“This has been a positive experience,” Markowitz said. “Teachers have come to us asking if the students will help them plan their projects in the classroom. It’s so empowering for the kids.”
Finding Fearless campaign
The Case Foundation has launched a campaign to find the “most fearless changemakers” in the United States and award up to $670,000 in grants and prizes.
Organizations and individuals may nominate themselves via application. The foundation’s judges reviewed the 1,200-plus applicants and narrowed it to the top 100, which included the Youth Ambassadors.
After making this cut, Markowitz received notice that her group had made the top 20 and was granted $1,500 and $25,000 in Microsoft software. This is when she notified her students that they were up for the big prize of $10,000.
The public had the opportunity to vote for which organization they think is most deserving of the grand prize until Wednesday, Nov. 28.
Her students at Cleveland hope to win the grant so they can travel to Washington, D.C., and advance their program.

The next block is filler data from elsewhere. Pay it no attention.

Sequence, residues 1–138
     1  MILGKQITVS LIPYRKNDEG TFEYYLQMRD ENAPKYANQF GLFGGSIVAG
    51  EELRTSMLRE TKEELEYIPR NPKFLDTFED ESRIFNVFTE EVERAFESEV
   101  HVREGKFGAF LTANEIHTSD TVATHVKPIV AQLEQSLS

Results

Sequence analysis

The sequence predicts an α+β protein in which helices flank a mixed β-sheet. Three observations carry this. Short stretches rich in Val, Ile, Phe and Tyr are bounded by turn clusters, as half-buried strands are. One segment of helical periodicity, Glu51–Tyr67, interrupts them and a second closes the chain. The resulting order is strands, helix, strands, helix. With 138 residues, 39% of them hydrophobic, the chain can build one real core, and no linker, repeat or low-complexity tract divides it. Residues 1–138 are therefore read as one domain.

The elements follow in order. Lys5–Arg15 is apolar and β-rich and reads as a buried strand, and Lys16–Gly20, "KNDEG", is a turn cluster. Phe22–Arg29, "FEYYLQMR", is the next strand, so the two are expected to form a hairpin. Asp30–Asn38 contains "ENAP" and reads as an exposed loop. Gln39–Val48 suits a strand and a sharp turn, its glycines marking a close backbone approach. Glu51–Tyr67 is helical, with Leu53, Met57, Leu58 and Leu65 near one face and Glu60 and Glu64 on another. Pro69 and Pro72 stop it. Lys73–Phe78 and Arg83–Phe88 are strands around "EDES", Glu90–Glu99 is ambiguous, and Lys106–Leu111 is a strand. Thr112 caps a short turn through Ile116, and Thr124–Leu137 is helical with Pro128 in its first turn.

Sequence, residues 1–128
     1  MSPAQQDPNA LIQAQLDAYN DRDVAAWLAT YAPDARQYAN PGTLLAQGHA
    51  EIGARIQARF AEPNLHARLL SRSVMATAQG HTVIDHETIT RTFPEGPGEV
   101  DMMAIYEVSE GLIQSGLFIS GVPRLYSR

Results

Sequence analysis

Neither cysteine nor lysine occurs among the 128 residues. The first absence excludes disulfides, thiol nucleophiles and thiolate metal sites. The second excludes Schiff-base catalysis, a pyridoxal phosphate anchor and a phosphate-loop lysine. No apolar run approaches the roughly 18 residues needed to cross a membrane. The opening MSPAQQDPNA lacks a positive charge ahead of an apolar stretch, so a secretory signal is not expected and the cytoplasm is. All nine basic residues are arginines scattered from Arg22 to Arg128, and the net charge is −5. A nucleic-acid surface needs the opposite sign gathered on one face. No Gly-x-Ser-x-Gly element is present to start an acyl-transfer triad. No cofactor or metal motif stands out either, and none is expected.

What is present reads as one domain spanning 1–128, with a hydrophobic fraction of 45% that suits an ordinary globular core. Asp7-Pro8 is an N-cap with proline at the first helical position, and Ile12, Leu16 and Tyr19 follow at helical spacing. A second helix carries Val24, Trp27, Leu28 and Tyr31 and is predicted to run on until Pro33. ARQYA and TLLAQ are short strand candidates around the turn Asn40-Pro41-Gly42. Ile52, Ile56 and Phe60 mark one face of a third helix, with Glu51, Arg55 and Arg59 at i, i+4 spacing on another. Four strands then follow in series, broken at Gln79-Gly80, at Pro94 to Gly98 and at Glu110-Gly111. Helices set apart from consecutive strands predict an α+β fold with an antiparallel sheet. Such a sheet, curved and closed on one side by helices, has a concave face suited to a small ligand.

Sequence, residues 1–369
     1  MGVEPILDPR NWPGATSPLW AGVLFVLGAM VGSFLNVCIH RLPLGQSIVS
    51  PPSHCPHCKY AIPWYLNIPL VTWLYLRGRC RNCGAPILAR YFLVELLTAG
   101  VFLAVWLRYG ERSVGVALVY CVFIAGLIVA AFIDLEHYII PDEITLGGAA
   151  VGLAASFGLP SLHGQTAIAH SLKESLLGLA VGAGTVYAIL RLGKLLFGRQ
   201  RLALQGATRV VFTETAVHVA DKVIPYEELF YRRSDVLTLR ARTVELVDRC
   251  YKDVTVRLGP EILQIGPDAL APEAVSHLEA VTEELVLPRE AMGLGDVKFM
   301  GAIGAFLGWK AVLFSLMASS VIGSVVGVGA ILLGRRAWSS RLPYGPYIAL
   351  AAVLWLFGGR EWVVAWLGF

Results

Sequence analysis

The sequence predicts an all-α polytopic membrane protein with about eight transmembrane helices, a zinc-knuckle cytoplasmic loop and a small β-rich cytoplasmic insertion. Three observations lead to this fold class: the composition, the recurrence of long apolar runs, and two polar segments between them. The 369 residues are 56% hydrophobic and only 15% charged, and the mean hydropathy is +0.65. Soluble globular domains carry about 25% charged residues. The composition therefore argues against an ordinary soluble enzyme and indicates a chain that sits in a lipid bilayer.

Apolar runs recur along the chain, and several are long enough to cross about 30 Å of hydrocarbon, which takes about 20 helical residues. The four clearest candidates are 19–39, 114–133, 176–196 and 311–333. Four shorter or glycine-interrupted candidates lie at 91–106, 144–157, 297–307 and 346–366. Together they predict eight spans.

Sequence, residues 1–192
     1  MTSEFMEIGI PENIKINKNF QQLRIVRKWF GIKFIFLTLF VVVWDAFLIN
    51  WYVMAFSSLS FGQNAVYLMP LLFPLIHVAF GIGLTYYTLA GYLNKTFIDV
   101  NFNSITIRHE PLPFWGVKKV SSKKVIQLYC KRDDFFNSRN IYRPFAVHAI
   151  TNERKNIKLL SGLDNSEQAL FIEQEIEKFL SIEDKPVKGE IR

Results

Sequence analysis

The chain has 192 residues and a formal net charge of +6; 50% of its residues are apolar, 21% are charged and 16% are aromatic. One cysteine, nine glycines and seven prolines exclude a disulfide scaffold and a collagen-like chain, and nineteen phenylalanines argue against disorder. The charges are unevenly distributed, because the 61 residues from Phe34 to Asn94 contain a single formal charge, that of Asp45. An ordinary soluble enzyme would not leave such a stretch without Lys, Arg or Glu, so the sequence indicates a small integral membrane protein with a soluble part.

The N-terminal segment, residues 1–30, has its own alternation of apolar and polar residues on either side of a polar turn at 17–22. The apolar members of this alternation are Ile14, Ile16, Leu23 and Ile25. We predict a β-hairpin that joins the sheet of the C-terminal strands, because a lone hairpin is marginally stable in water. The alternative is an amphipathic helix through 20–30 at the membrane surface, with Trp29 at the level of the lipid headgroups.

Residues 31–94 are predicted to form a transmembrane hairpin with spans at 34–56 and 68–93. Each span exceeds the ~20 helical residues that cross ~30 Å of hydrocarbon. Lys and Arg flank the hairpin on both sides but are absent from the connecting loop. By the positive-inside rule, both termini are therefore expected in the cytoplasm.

Markowitz said of the honor, “It’s not about investing in me; it’s about investing in what they are trying to do. And I feel like I have to keep fighting for that because they deserve it, and I think they are making a difference — why not support it?”
Brittany Villars, a junior at Cleveland High School, spoke highly of Markowitz and the Intro to Teaching course. “Lori…is a powerhouse,” Villars said. “She is such a tiny person but with such a huge voice. She is able to bring student voices into only where adults seem to be.”
Villars hopes to win the competition. “It would mean the most that it would get to help Lori, and the program that I have grown to love.”
For more information about the Youth Ambassadors, visit youthambassadors.net.